Our short cigar 101 information pages provides a unique overview a three important cigar topics to learn about cigars, cutting and lighting your cigar and cigar care and storage so that you can keep your cigars fresh for the entire life of your cigars.
What are cigars made of?
The answer is simple:
The filler tobacco at the center
A binder leaf which holds the filler together.
The outer wrapper, which is rolled around the binder.
Hand rolled cigars "long filler" tobacco: leaves which run the length of a cigar. In a handmade, the filler, binder and wrapper are combined manually to create a cigar.
Machine-made cigars utilize high-speed machinery to combine "short filler" tobacco - usually scraps or pieces of tobacco - with a binder and wrapper. Because of the tension placed on the tobacco by the machines, the binders and wrappers are often made of a homogenized tobacco product which is stronger than natural leaves and can be produced in a variety of flavors, strengths and textures.
The quality of the tobaccos and more importantly, how they are blended, determines the quality of the smoking experience. In the filler, "ligero" leaves which provide power are blended with "seco" leaves with a milder flavor and "volado" which helps to ensure an even burn. These are combined with a binder and wrapper to provide a balanced flavor.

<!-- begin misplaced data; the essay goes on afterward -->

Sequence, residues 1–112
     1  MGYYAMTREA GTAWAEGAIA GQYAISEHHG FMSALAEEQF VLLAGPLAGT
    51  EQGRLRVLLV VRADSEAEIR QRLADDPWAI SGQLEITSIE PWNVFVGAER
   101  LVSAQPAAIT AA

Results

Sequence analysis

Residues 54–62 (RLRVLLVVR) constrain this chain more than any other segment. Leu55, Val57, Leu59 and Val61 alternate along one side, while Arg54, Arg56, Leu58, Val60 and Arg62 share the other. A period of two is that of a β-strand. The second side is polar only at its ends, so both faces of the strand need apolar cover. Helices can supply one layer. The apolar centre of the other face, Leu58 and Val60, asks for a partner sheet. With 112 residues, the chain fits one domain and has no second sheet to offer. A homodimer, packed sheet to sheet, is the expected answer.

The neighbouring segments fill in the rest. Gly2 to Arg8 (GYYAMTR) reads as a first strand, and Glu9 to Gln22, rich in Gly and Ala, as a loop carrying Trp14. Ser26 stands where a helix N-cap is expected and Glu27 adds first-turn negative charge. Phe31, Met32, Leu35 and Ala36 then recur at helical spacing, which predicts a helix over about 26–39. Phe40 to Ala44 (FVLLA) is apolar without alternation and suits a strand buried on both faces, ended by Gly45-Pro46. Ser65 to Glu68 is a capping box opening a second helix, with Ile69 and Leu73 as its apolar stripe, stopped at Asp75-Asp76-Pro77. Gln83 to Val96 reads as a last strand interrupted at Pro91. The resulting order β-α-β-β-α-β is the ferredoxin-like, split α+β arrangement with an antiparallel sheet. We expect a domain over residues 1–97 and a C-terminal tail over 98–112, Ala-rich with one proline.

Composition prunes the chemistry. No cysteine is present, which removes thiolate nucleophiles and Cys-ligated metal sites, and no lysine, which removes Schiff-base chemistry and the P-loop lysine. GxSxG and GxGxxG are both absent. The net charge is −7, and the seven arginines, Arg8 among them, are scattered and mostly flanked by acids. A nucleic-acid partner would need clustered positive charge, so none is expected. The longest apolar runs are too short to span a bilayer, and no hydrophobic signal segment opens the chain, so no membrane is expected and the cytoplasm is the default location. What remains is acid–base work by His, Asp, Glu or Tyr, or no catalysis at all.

What are the types of wrappers?
Manufacturers have identified more than 100 different wrapper shades, but they can be grouped into seven major color classifications, where these are:
Also known as "American Market Selection" or "Candela," this is a green wrapper.
This is a very light tan color, almost beige in shade; often grown in Connecticut or from Connecticut seeds in Ecuador.
A medium brown found on many cigars, this category covers many descriptions.
This shade is instantly recognizable by the reddish tint.
Darker than Colorado Claro in shade, this color is often associated with African tobacco, such as wrappers from Cameroon, or with Havana Seed tobacco grown in Honduras or Nicaragua.
Very dark brown to almost black. Tobacco for Maduro wrappers is primarily grown in Connecticut, Mexico, Nicaragua and Brazil.
This is black.
What are the sizes found in cigars?
There are cigars of every shape and every size for every occasion. From small and tiny to giant cigars, where every smoker has a wide variety to choose from.
The following table lists 20 well-known shapes, and is adapted from Paul Garmirian's explanation of sizes in The Gourmet Guide to Cigars. The "classical" measurements for which this shape is known are given, along with a size and girth range for each size for classification purposes: